Humanity has always been fascinated by the aurora borealis, or northern lights, some incredible light spectacles that illuminate with their colours the night sky. These events mainly take place on the Earth’s poles: on the north pole they are named auroras borealis (or northern lights), and when they take place on the south pole they are called auroras australis (or southern lights).
In this post, we explain how these great light spectacles are formed, what are their cycles, and we will make reference to the formation of auroras borealis on other planets of the solar system.
Formation of the northern lights
The Sun constantly emits electrically charged particles (or plasma) that travel through the solar system at an incredibly high speed. This constant ejection of particles is known as the solar wind. The solar flares (events that are not predictable) emit an enormous quantity of plasma.
When approaching the Earth, all these particles are attracted by the terrestrial magnetic field. However, before arriving at the surface, the magnetic field of the Earth deflects them towards the north and south pole. In these places, the particles penetrate the planet’s magnetic shield and make contact with the molecules in the atmosphere.
This contact with the different elements in the atmosphere creates these marvellous light and colour spectacles in various regions of the Earth.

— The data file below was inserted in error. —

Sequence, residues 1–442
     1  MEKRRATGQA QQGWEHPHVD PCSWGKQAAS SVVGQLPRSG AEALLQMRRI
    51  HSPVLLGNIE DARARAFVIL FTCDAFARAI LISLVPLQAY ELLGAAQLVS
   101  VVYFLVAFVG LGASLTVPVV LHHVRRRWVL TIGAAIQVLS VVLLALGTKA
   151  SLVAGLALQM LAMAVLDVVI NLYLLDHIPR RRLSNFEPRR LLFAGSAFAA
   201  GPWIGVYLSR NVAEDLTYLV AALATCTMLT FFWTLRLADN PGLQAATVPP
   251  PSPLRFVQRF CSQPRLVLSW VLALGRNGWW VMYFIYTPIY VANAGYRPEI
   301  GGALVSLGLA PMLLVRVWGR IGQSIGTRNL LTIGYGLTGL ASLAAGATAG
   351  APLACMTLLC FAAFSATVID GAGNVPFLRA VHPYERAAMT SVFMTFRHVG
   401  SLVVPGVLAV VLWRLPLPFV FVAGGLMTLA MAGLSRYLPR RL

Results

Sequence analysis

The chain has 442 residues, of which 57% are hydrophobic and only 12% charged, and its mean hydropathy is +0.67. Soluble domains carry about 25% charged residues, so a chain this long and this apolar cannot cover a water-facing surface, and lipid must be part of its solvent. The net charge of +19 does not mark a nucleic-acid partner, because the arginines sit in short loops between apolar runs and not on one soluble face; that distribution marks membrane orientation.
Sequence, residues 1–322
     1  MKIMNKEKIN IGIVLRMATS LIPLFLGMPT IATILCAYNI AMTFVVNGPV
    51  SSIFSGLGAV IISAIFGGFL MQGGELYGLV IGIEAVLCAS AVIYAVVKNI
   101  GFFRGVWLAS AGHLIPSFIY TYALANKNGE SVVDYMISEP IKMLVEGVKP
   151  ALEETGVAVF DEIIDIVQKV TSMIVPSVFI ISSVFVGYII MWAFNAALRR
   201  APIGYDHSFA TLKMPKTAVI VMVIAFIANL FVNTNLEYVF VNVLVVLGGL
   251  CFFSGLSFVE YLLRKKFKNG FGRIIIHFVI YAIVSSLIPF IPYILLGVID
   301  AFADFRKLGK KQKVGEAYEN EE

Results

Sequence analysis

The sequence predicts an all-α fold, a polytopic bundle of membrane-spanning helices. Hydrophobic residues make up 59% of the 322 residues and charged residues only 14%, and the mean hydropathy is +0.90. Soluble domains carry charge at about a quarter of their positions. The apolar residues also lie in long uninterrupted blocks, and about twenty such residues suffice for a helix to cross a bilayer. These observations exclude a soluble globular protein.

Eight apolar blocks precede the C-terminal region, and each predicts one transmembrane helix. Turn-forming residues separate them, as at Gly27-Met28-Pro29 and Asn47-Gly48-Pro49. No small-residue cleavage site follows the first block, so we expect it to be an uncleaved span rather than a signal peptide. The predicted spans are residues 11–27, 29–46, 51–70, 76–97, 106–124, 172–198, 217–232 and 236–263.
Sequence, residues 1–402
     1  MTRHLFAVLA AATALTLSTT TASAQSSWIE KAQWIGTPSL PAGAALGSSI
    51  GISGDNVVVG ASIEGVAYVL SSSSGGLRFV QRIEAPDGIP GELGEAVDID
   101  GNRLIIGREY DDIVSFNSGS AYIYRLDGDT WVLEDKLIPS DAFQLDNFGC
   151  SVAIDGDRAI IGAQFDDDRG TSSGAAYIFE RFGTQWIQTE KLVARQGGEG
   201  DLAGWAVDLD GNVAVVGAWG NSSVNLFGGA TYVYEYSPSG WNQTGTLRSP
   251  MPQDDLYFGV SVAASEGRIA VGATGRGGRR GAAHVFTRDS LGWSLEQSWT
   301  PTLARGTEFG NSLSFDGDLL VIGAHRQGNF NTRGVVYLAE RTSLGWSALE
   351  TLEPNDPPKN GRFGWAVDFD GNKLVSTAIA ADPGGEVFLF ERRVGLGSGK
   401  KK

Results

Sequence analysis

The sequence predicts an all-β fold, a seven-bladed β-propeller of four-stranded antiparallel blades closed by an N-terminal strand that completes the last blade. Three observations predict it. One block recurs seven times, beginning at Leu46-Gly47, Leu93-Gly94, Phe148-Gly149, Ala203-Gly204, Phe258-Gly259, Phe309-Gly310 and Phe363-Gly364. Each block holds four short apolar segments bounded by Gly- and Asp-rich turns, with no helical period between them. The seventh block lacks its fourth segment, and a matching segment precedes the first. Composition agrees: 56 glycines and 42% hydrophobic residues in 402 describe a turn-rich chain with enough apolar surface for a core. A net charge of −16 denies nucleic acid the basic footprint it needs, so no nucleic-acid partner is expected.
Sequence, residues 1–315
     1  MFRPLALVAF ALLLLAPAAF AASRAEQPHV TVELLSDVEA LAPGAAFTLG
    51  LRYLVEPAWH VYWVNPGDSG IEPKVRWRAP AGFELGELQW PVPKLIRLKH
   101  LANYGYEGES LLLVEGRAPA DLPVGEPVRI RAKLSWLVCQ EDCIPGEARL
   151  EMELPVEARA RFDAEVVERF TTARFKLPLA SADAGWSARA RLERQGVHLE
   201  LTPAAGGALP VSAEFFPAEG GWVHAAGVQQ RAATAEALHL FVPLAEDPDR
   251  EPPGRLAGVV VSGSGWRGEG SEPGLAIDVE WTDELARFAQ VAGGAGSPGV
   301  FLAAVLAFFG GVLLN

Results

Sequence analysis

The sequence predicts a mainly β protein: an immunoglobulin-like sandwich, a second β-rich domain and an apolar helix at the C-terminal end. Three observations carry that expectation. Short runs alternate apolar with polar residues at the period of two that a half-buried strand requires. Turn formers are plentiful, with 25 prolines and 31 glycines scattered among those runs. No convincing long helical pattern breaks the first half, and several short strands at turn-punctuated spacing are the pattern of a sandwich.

A regular cycle
Every 11 years appear on the Sun what we call sunspots. They are dark zones on the Sun’s surface that have a thousands of times stronger magnetic fields than Earth’s. The sunspots tend to appear in pairs and can be many times larger than the Earth.
During the time they are present, the Sun’s activity increases strongly, that is to say, the Sun emits more plasma, and solar flares are more frequent.
In consequence, during these peaks of solar activity, the auroras borealis (and australis) on the Earth are more striking and frequent, due to the increase of electrically charges particles that arrive on our planet.
What causes the variety of colours?
The colour of the auroras depends on the particles with which solar wind interacts.
For example, The green and yellow colours are associated with the collisions with oxygen, while red, blue and purple are the result of interactions with nitrogen.
Auroras through the solar system
Auroras aren’t only limited to the Earth. In fact, a planet only needs an atmosphere and a magnetic field for creating an aurora. Other planets of the solar system, and possibly beyond it, also experience this phenomenon.
For example, the gas giants (Jupiter, Saturn, Uranus and Neptune) have powerful magnetic fields and dense atmospheres, that allow for auroras to form. However, as conditions are different on each planet, the auroras are different in every one of them. During the last years we have been able to photograph diverse auroras on every planet mentioned before.
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